Coworkers are often in the best position to see ways in which their colleagues can improve their performance. Peer feedback can be helpful and productive, but it needs to be offered with tact and respect.
Q: I have a coworker who is talented, but she sometimes says and does things that I think get in the way of her success. Is there a tactful way I can offer her feedback without seeming condescending or like I’m overstepping?
A: Most professionals appreciate feedback from their peers, but you’re right to approach your colleague about this with caution.
As a coworker, you’re in a good position to observe your colleague in a variety of settings and discern strengths and weaknesses that even her manager might not be aware of. You may have worked closely together on a project, or perhaps you’ve seen how she interacts with others in a workspace you share. Offering constructive feedback to help her improve can have a tangible, positive impact—not just for your colleague, but for your team, department, and organization as well.
The tricky part of peer feedback is that it has to be given and received in a positive way. If it’s seen as a personal attack, you could lose a valued colleague and perhaps damage your own professional reputation. To avoid getting too personal, give feedback that focuses on the work and not the coworker.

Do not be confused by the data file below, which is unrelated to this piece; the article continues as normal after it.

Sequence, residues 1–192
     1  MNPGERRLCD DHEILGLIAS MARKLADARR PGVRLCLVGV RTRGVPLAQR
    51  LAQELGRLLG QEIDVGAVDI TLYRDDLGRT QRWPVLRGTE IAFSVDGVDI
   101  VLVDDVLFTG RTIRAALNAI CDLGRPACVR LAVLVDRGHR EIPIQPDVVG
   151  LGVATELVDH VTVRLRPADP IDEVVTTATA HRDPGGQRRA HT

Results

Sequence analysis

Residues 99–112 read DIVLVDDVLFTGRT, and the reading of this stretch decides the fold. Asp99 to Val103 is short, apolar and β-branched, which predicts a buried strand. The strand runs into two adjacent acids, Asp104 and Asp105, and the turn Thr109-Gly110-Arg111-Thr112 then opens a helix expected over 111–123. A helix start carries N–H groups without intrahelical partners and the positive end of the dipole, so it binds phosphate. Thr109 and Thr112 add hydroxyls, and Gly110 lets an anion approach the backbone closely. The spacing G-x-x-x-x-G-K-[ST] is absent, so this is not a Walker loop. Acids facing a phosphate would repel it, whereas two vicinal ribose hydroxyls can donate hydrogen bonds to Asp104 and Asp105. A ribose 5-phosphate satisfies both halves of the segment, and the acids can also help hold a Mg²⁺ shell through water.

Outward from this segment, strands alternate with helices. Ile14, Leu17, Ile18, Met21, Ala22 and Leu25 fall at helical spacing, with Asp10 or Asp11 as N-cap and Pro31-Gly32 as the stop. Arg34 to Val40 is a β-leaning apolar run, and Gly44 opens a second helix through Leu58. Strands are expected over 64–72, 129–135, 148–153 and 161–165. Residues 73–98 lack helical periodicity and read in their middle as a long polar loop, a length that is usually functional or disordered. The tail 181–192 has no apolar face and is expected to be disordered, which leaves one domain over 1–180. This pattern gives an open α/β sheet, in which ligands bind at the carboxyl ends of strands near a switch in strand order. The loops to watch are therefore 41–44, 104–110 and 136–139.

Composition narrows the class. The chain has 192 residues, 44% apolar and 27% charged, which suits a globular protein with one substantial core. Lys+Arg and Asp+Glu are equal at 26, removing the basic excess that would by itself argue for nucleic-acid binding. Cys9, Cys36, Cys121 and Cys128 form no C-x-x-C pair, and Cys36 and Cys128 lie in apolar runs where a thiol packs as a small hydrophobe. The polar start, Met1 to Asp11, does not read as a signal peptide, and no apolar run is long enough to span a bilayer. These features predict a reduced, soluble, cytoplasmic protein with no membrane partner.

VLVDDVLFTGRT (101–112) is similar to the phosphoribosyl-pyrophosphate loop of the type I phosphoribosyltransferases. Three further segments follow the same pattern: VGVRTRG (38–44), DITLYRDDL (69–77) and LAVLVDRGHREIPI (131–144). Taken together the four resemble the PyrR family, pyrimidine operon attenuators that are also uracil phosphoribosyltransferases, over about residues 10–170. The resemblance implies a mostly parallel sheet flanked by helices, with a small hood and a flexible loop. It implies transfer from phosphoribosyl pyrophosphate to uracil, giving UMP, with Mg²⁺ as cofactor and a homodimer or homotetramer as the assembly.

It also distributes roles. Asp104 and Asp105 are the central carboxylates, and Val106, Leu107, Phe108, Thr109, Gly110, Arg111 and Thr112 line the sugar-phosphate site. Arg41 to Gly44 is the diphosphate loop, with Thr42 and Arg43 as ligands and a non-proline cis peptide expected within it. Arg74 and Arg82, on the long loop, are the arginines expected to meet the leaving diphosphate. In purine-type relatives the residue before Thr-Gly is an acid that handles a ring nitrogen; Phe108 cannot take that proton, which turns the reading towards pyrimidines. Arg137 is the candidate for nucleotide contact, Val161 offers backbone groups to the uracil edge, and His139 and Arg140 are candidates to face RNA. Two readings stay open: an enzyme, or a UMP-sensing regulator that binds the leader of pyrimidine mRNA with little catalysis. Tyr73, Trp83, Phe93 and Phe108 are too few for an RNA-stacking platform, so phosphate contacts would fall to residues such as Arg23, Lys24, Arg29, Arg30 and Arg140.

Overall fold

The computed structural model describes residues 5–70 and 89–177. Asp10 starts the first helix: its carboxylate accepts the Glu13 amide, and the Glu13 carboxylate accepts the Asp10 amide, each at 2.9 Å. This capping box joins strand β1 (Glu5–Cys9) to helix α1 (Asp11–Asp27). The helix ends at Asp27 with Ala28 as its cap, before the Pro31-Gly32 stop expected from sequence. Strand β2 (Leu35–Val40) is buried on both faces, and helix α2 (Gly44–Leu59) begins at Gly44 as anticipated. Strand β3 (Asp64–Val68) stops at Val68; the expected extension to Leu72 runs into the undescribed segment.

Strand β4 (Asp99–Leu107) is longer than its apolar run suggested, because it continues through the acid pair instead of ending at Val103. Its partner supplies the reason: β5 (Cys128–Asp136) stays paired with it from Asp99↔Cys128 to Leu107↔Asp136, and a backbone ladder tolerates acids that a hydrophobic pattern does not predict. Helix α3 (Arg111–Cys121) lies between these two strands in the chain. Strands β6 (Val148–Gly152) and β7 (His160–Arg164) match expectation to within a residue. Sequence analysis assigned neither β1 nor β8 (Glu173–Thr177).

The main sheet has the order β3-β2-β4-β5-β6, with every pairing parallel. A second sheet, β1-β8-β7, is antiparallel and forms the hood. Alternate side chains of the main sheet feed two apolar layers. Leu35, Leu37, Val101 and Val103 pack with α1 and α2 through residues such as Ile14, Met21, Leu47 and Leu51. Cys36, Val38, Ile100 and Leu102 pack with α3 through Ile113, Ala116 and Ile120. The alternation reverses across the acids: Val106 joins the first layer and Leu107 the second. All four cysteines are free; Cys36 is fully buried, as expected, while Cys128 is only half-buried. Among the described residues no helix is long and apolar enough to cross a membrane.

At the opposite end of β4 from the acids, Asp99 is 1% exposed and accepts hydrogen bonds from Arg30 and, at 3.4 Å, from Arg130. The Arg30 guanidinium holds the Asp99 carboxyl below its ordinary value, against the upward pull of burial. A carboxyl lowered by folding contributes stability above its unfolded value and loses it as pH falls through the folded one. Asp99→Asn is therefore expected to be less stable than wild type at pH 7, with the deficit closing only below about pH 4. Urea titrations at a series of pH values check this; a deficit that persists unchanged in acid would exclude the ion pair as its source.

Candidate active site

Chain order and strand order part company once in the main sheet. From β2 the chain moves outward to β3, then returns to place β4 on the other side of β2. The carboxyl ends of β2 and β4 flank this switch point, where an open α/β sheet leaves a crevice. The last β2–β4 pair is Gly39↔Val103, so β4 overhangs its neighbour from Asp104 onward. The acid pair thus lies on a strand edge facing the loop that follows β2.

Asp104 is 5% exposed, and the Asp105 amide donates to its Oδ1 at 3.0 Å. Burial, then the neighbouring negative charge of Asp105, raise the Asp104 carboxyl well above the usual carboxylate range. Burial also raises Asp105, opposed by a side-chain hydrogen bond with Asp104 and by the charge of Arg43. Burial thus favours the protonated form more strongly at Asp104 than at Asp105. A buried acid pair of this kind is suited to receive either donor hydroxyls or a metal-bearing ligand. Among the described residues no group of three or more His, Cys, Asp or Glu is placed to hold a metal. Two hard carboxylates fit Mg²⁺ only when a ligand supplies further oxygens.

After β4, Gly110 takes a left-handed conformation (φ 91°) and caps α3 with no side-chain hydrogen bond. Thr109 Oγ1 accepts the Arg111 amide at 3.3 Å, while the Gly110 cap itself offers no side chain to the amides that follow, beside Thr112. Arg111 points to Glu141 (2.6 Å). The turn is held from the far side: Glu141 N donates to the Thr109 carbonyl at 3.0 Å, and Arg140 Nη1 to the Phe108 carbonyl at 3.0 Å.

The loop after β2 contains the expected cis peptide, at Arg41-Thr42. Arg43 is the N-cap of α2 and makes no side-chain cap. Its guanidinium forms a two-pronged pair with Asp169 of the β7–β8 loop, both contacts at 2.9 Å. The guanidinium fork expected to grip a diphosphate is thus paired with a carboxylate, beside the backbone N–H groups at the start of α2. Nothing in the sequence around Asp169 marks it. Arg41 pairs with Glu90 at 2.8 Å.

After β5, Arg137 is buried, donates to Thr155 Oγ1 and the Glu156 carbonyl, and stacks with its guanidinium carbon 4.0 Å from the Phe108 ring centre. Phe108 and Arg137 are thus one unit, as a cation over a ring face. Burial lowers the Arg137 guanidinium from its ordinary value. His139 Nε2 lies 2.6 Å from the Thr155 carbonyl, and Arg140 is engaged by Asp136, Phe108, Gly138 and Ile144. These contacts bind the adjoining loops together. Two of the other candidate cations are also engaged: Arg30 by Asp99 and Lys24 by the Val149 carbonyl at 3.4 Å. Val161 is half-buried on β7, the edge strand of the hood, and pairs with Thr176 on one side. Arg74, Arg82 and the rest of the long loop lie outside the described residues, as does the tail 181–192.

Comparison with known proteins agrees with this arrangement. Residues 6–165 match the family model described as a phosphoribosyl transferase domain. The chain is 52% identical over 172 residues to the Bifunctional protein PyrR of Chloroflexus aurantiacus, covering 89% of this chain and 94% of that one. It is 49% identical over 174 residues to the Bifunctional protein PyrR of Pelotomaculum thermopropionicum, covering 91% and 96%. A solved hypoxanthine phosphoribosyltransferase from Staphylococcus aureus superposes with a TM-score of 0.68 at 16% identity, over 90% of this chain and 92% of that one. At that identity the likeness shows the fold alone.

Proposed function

If peer feedback is seen as a personal attack, you could lose a valued colleague and perhaps damage your own professional reputation.
For example, don’t say, “You could have done a better job with the presentation this morning.” Instead, say, “Your presentation today might have had a more impact if it had included additional data.” This gives your colleague an opening to ask for more information—for example, what data would have been helpful, where to get it, and how to present it—and you send the message that you were paying attention and wanted her to be successful.
Keep in mind that feedback of any kind—be it from a manager or from a peer—should be given in private and soon after you observe the behavior. It should also be as specific as you can make it.
Finally, always be as respectful as possible when offering peer feedback. And be empathetic—before you talk with your colleague, think about how you might feel if she said to you what you plan to say to her. Then, revise your feedback if needed and offer it at an appropriate moment.